Wednesday, September 5, 2018

Rest in Peace, Colonel John A. Dramesi

Rest in Peace, Colonel John A. Dramesi

12 Feb 1933-17 Sep 2017

Copyright 2018 by Michael H. Maggelet


I was assigned to the 509th Bomb Wing, 509th Munitions Maintenance Squadron, in January 1981 at Pease Air Force Base, New Hampshire after completion of the USAF nuclear weapons specialist course. It took a few months for my final top secret clearance/background investigation to be completed, not to mention several safety classes, including in-depth training on bomb disassembly/assembly. The first system I would work on, after certification by wing quality assurance, was the B61 bomb. Certification on the B43 followed soon after.

  By mid year, and after certification on numerous other tasks, we were rather busy with a number of wing and SAC exercises, including the ten day long “Global Shield”, in which all of SAC’s nuclear forces were generated to alert status.
  During one such exercise later in the year, we had pulled two MHU-141 trailers loaded with four nuclear weapons into our small maintenance bay, tracking in a small amount of water and mud. By this time, Colonel John Dramesi had taken over as wing commander, and just about everyone was familiar with his name due to his former POW status and his book “Code of Honor”, which several of us had read.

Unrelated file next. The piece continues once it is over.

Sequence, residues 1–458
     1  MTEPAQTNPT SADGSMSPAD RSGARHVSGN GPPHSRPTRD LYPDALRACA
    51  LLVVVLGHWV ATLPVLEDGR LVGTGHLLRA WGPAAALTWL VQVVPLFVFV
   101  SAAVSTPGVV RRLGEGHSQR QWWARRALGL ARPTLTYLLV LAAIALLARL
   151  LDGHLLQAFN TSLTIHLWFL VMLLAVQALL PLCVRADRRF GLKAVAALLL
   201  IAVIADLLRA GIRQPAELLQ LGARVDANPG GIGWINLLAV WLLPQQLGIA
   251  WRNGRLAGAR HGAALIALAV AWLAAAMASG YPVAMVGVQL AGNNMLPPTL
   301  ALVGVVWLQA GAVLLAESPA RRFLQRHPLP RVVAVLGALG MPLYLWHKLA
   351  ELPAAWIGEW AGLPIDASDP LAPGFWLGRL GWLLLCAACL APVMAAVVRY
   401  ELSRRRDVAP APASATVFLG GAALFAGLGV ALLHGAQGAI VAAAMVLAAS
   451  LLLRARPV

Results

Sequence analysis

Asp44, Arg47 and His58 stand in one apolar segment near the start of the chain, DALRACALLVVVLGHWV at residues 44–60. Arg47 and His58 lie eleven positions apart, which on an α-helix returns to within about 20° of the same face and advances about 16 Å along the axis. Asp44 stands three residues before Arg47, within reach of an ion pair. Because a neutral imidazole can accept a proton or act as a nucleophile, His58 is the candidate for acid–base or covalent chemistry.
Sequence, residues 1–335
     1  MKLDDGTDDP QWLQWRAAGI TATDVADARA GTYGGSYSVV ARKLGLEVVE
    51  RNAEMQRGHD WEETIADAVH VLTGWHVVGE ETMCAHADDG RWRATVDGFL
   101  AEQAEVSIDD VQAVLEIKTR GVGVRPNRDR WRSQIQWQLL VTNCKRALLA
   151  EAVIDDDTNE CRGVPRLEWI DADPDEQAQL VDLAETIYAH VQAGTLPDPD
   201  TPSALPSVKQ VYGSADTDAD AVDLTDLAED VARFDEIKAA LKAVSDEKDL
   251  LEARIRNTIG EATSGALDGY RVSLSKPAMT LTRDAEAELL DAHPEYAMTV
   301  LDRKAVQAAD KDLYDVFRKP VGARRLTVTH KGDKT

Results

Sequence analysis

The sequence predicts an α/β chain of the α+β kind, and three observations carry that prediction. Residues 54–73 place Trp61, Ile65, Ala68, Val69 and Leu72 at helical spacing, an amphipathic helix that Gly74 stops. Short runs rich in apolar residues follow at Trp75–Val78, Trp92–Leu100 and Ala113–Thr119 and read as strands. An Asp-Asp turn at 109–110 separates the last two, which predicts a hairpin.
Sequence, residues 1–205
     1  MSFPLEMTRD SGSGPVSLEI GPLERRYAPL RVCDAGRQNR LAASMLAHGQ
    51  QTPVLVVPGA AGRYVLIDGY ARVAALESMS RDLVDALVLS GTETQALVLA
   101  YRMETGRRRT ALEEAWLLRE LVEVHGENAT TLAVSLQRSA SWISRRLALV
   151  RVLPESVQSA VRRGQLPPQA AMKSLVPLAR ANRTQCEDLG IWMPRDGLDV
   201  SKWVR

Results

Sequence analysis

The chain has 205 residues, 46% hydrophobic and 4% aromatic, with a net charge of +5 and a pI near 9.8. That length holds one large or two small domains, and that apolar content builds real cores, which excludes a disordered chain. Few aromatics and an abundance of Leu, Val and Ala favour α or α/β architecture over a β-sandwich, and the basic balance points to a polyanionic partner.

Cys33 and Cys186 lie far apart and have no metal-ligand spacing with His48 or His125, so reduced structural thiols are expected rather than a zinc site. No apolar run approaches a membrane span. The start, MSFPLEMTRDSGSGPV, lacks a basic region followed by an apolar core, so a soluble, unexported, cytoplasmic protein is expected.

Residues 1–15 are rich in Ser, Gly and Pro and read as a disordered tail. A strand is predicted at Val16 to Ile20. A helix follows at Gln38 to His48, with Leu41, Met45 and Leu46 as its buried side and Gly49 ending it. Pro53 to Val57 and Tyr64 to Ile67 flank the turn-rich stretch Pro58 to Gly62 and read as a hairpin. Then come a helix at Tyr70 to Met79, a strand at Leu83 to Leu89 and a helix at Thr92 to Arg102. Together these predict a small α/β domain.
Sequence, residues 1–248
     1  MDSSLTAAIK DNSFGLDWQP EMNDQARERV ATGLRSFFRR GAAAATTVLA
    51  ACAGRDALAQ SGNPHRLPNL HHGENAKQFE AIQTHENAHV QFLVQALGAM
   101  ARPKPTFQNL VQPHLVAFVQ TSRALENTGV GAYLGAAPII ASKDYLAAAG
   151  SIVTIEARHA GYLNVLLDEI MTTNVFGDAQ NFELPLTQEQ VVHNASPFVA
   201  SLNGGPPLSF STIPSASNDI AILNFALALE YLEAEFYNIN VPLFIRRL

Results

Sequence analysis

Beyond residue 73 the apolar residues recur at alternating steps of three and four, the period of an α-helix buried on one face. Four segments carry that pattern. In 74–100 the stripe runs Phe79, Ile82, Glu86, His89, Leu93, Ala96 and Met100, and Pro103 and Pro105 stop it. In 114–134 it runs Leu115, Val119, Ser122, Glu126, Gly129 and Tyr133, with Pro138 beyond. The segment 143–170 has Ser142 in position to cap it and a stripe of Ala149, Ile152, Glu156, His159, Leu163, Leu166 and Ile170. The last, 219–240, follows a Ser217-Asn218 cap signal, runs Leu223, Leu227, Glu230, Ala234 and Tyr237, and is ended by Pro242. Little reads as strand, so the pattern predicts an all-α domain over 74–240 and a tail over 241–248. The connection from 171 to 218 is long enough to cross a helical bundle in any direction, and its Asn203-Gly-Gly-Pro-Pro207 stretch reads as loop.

One evening, Dramesi decided to visit the weapons storage area. I won’t go into the specific details of our nuclear weapons team’s encounter with Dramesi in the maintenance bay around live nuclear weapons, only to say he lost his cool over a trifling matter and that he was asked to leave our bay by our huge shop chief, a former Titan II missile fuels specialist who stood around 6’4”.  
  While there were other factors for Dramesi’s early retirement from the 509th, it was unfortunate that he was not placed in a non-PRP command staff position in 8th Air Force or higher up in SAC. Unlike some POW’s who also underwent interrogation or claimed torture, Dramesi never gave away military information to the North Vietnamese communists.

  Rest in peace, Colonel Dramesi, it was an honor to serve under your command.



A tribute to Col. Dramesi from  

POW Traitors
Washington Post article on those who collaborated with the communists.

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